Brain Cancer


My daughter was just thirty-nine and had been a brain cancer victim for twelve years when I took her on a vacation to Iceland. Her cancer was in remission at the time. The doctor didn’t use that term, of course, since the cancer was still present in her body. We knew the tumor would start growing again, but her health had plateaued. We made the trip during a lull when she wasn’t in radiation or chemotherapy. With cancer you have to take advantage of those times when you can travel, and this was one of them.

Brain Cancer – A Guest Interview

Sarah & statue (1)

She was not a normal, healthy tourist, however. Half her face was numb from her tumor. As a result of a stroke, she couldn’t see out of one eye and wore a patch because it was disconcerting for other people to see the non-functioning eye. Interestingly, she kind of enjoyed the attention she got from having the patch as a conversation piece.

Occasionally someone would say, “What’s with the patch?” She would answer matter-of-factly, “I have a brain tumor.” If they persisted in the conversation, she’d say, “Wouldn’t you like to wear a pirate patch, too?”

It was no big deal for her to explain that. But sometimes people acted embarrassed, as though they wished they hadn’t said anything. Other times people would use her frankness as a springboard to then talk about their own situation. People always like to talk about themselves.

Special arrangements

You have to make some special arrangements to travel if you’re a cancer patient. Most importantly, you have to take all your meds and arrange a fairly extensive pill tray. But every cancer patient will have a different experience, I’m sure.

We both had to be sensitive to her fatigue level, which meant that we’d walk for a while, sit for a while, walk for a while, sit. In my daughter’s case, she had enough energy to walk around and we enjoyed a lot of time in downtown Reykjavik. Even though it was March of the year and still winter weather, she enjoyed taking pictures of how she imagined the flowers would be in the summer.

Downtown Reykjavik

She had to have a two-hour nap every day in the afternoon, so we built our itinerary around that need. Consequently we chose to spend a couple of days of organized touring on a bus. That was helpful, because when she got tired she could nap on the bus. It worked out fine.

Pleasure from the Hot Springs

She took most pleasure from the hot springs in the Blue Lagoon. It was amazing to be with hundreds of people in a pool of very warm water with steam coming off the top. She has a body that gives her a lot of distress, partly because she is now over-weight—steroid weight gain is impossible to beat. But being in that warm geo-thermal pool with all of the steam seemed so therapeutic she didn’t want to leave. She was not the only over-weight person there by any means. We were in good company.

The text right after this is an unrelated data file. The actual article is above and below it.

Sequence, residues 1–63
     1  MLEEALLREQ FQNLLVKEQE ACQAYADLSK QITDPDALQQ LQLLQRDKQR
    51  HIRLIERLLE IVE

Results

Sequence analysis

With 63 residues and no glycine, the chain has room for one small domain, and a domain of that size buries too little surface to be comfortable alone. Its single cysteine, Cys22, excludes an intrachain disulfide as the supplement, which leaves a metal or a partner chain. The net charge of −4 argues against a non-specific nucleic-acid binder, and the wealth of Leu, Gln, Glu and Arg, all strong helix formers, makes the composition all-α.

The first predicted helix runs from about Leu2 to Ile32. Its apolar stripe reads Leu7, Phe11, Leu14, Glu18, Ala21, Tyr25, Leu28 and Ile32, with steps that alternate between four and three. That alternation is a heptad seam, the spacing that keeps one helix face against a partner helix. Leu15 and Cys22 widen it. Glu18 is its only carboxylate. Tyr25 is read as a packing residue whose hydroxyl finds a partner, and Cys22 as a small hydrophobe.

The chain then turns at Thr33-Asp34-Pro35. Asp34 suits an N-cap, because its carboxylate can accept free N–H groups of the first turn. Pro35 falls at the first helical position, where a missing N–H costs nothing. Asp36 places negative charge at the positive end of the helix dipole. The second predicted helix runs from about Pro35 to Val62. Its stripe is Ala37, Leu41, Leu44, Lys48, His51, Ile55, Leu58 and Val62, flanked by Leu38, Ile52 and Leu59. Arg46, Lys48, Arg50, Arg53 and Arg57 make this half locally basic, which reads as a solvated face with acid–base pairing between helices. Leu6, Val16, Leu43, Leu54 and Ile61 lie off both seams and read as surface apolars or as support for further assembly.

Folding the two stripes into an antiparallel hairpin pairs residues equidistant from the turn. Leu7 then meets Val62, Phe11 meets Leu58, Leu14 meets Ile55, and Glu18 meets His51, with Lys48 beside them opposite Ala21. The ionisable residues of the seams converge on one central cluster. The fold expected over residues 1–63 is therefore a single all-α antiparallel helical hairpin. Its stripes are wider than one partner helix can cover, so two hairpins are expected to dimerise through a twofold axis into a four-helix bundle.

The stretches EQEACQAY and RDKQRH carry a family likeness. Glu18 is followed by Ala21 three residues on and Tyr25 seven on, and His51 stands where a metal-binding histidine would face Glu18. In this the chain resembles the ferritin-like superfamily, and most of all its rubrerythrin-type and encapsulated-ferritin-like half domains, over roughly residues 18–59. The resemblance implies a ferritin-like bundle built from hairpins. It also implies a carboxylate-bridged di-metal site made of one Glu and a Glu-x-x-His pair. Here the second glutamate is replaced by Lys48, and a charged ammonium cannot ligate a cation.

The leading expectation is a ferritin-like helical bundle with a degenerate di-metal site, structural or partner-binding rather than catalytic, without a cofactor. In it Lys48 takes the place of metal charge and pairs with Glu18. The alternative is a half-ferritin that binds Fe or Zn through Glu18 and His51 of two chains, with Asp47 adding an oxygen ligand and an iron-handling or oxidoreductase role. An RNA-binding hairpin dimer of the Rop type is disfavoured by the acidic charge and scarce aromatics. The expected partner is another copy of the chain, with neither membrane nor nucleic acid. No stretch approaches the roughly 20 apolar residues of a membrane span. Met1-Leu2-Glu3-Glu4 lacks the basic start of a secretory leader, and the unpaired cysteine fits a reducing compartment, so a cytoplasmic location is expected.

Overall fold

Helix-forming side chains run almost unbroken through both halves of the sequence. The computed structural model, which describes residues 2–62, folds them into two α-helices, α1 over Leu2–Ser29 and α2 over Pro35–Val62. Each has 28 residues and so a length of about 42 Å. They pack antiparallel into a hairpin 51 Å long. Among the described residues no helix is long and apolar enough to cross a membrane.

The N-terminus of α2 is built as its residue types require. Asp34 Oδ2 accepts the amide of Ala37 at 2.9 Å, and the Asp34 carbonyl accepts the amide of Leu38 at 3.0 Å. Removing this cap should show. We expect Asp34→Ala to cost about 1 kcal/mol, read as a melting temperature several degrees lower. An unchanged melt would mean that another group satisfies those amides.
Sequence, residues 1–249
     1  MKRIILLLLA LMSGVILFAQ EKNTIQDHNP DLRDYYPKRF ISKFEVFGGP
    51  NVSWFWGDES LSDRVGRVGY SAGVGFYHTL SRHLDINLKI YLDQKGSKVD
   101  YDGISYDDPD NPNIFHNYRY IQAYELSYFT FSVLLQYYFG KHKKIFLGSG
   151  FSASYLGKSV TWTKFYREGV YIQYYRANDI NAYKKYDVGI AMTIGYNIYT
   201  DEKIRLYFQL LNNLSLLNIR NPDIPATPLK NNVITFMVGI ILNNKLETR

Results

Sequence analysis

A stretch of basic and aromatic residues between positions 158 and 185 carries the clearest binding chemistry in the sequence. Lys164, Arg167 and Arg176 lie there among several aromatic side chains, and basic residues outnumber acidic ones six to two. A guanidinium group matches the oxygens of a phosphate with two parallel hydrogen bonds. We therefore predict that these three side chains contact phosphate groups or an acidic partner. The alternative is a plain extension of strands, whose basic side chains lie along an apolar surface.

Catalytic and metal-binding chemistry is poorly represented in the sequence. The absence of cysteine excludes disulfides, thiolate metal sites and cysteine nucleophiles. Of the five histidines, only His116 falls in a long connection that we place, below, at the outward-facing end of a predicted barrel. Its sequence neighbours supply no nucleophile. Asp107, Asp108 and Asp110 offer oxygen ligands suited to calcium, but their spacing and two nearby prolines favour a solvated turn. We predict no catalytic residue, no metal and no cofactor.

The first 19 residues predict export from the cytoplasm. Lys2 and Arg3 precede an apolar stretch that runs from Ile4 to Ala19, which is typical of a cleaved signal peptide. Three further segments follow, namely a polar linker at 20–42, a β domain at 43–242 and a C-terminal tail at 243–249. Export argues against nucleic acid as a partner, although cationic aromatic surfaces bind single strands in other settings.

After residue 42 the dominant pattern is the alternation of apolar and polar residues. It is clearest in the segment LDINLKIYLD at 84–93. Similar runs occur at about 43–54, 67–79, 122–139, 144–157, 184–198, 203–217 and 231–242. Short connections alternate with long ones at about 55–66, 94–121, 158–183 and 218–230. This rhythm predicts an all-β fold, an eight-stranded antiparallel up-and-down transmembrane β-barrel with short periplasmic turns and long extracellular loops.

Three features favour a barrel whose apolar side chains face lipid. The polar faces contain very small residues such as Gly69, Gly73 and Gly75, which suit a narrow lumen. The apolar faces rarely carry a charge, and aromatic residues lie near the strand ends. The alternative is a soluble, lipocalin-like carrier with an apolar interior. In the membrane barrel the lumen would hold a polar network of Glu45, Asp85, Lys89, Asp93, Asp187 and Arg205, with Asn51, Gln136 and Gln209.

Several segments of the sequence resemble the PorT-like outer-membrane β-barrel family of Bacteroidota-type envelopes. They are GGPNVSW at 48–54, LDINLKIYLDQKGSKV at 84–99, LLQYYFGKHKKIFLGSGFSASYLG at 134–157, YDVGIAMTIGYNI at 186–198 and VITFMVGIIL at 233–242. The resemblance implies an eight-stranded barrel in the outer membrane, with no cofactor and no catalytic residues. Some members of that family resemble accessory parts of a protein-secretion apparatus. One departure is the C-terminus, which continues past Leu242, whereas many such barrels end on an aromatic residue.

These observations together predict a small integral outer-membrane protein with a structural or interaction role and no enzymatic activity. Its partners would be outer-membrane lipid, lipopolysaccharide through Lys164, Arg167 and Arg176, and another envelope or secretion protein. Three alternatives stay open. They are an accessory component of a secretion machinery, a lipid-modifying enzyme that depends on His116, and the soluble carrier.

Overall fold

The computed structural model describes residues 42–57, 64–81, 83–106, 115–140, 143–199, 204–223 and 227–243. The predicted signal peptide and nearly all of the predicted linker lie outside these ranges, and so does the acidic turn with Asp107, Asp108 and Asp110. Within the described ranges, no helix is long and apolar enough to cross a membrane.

Iceland's Blue Lagoon

Iceland’s Blue Lagoon

The age range was vast, from very young to very old. I think the pleasure she derived was both psychological and physical. People would take the mud from the pool and plaster their faces. She did a little of that, avoiding her bad eye. It was something she could do to self-soothe because it felt so pleasant.

Organized tour minimized the pressure

She enjoyed seeing the sites such as the glaciers and waterfalls. For her, an organized tour was ideal because the pressure for us was minimal. She’d nap between destinations and there were beautiful things to see in Iceland.

Our only regret was not seeing the northern lights. Every day we were there it was overcast. We had paid for a boat ride to see the northern lights, but they had to cancel every day because of the cloud cover. The last day we were there, they decided to do the boat ride out away from the city onto the ocean. We could see just by looking up that the sky was still cloudy. I asked my daughter if she wanted to go. She was tired, so I said I couldn’t imagine we’d see anything. We decided not to try it. Getting a good night’s sleep seemed more important.

But the next day we learned that the clouds cleared for just a few minutes. The sky was glorious. And we had missed it. But with cancer, when you’re tired, you’re tired and there is nothing more important than a good night’s sleep. Despite that little disappointment, we had a wonderful week together.

Lasting Impact of the Trip

As to the lasting impact of the trip on our relationship, I think she was very grateful to get away. Grateful to her brother who came and took care of her boys, freeing her up to go, and grateful to me for taking her. We had a lot of time together to just talk. We talked about a lot of things, nothing was reserved, and we became good friends as well as mother and daughter.

In this case we were able to talk about some of the issues associated with her illness that we tended to avoid. Being in an unknown environment somehow helped us to be more open about things we needed to talk about but hadn’t found an appropriate time to address.

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